In today’s societies, the demand for recognition and integration of individual and collective identities carrying different characters from established social and cultural models is generating social conflict, often worrying and disturbing. One of the reactions that appears to be more widespread is that of closure. From the construction of (new) walls to the closure of ports and borders, resistance to the acceptance of diversity is taking on new and unexpected forms, which cross a great number of phenomena. The resurgence of gender-based violence, and of stigmatization processes based on race, ethnicity, sexual, political and religious inclinations of people, are new mirrors of previous forms of segmentation and social and cultural division. Furthermore, we cannot forget that the economic crisis of the last 10 years is still manifesting its effects in many countries, such as the expansion of the poor and of marginal groups, which are located near social borders based on the difficulty of access to social resources that would guarantee a more dignified life. The anger and discontent that accompany these processes of new segregations and social and cultural confinements, are not adequately listened to and interpreted by the political classes, and in many European countries feelings of closure and mistrust begin to prevail; events and phenomena such as Brexit, sovereignty, the rise of populisms, however different, show different faces of the same process oriented to the enhancement of national, political and cultural identities instead of the search for relationships and negotiation. At the same time, there are processes that signal the need, by many groups, to go beyond the new social divisions, to generate new forms of dialogue and openness, in a word, of reconciling cultural visions and the diverse social positions that seem in competition with one another. Many, especially young people, but also adults and the elderly, prefer to go beyond the borders, and move in search of new opportunities so that their characteristics and skills are effectively recognized and valued. In many geographical areas we are witnessing the spread of social and political movements from below that promote styles of participation and social integration based on meeting and enhancing diversity; on the sensitivity to overcoming old and new selfishness and social divisions, evoking the need for innovative forms of coexistence, based on the recognition of social and civil rights, on the realization of ever higher levels of social justice, on the enhancement of common goods and local welfare and community. This also implies recognizing the importance that conflict can have in the dynamics of interaction, but to discover forms of overcoming or, at least, sublimation of the dynamics of division and conflicting competition.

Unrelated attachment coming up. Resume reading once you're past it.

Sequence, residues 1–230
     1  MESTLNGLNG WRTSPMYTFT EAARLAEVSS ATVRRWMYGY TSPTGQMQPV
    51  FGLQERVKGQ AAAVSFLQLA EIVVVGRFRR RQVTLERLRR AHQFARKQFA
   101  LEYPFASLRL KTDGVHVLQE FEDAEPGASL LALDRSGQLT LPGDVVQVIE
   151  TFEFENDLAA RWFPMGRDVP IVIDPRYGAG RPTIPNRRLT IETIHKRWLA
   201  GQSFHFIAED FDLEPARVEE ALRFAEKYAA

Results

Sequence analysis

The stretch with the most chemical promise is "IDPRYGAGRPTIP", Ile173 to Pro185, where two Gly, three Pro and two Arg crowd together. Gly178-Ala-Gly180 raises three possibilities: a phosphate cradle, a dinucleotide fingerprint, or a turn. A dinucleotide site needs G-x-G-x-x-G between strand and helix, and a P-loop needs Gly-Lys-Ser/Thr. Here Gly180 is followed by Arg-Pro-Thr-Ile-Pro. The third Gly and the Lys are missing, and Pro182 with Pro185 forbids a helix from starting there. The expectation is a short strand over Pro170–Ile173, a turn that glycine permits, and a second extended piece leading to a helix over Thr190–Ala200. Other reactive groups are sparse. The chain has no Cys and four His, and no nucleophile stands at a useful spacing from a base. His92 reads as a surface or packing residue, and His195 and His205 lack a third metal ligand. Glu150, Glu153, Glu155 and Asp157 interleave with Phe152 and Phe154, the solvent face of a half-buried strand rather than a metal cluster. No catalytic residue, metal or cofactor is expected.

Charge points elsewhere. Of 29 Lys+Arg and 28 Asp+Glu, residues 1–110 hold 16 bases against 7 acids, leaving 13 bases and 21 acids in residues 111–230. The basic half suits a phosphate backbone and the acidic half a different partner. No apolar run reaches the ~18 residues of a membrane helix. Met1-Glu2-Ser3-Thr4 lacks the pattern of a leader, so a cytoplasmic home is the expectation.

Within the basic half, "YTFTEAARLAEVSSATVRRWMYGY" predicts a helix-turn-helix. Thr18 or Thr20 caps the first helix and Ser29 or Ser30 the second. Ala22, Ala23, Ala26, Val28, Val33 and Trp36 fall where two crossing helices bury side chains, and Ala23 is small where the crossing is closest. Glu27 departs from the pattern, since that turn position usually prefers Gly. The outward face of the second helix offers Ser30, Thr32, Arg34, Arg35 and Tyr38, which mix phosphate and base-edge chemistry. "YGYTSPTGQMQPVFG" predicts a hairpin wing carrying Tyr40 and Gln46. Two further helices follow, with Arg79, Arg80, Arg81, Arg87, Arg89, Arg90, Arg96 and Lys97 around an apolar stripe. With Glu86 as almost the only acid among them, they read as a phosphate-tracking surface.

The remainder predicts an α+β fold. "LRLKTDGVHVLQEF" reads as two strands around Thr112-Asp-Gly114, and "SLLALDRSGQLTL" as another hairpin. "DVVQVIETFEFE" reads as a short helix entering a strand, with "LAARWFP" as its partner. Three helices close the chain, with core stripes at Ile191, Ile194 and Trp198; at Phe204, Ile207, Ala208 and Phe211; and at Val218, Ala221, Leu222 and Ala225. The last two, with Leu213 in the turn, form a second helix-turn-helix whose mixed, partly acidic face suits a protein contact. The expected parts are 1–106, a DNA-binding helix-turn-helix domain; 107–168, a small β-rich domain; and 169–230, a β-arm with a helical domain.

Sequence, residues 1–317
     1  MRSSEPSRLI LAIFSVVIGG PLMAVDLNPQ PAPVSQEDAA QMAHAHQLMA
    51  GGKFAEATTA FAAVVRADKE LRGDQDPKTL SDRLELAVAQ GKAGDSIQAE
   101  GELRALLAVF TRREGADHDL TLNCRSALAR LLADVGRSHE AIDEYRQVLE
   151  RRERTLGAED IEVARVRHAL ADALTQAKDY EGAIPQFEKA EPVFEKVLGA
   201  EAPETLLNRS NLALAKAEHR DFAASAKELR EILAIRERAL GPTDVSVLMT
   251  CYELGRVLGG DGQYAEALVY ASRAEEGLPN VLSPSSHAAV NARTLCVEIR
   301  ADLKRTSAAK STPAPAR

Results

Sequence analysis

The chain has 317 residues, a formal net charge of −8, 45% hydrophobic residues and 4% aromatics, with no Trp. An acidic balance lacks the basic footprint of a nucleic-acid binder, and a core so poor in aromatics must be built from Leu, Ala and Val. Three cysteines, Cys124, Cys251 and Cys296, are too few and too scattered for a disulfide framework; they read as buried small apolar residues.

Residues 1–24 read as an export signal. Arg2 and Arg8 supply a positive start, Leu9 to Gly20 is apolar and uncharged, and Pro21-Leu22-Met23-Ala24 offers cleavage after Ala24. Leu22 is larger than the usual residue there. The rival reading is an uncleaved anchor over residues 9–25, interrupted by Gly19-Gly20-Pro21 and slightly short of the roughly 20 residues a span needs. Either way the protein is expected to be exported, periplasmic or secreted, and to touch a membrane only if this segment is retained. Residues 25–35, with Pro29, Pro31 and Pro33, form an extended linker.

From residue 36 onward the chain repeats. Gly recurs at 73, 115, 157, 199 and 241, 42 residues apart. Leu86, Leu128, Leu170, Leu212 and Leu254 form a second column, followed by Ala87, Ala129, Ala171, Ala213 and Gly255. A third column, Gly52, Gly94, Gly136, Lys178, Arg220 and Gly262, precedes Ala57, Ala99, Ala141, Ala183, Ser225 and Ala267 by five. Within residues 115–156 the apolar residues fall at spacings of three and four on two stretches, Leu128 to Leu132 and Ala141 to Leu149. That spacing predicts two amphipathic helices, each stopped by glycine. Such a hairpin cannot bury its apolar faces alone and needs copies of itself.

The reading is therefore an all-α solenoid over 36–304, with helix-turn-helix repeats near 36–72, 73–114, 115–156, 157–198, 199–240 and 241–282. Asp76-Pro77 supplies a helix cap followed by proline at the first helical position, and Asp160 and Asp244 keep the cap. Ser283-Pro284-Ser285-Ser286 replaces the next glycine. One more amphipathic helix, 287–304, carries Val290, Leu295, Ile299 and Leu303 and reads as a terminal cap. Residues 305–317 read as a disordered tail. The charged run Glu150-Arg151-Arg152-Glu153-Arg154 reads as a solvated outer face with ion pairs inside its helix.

In this framework, Symbolic Interactionism constitutes one of the theoretical and empirical frameworks able to analyze these phenomena, to interpret their scope and effects in people’s lives, and also to signal its relevance both on an empirical and theoretical level. Symbolic Interactionism can respond with its dual vocation and perspective oriented to grasping social processes in the depths of their making and unfolding starting from social and symbolic interactions, and at the same time oriented to enhancing those dimensions of existence that promote the recognition of rights, the attention to the least and the vulnerable, the overcoming of social boundaries and divisions and the reconciliation of competing perspectives in the dynamics of continuous negotiation and renegotiation of new and sustainable social equilibria.